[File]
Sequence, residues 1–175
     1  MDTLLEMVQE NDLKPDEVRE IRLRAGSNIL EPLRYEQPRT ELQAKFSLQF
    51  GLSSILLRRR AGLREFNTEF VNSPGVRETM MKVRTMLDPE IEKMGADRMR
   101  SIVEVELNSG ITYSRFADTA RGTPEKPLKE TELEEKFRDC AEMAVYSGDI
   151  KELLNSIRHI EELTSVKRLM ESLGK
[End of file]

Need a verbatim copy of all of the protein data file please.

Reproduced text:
Sequence, residues 1–175
     1  MDTLLEMVQE NDLKPDEVRE IRLRAGSNIL EPLRYEQPRT ELQAKFSLQF
    51  GLSSILLRRR AGLREFNTEF VNSPGVRETM MKVRTMLDPE IEKMGADRMR
   101  SIVEVELNSG ITYSRFADTA RGTPEKPLKE TELEEKFRDC AEMAVYSGDI
   151  KELLNSIRHI EELTSVKRLM ESLGK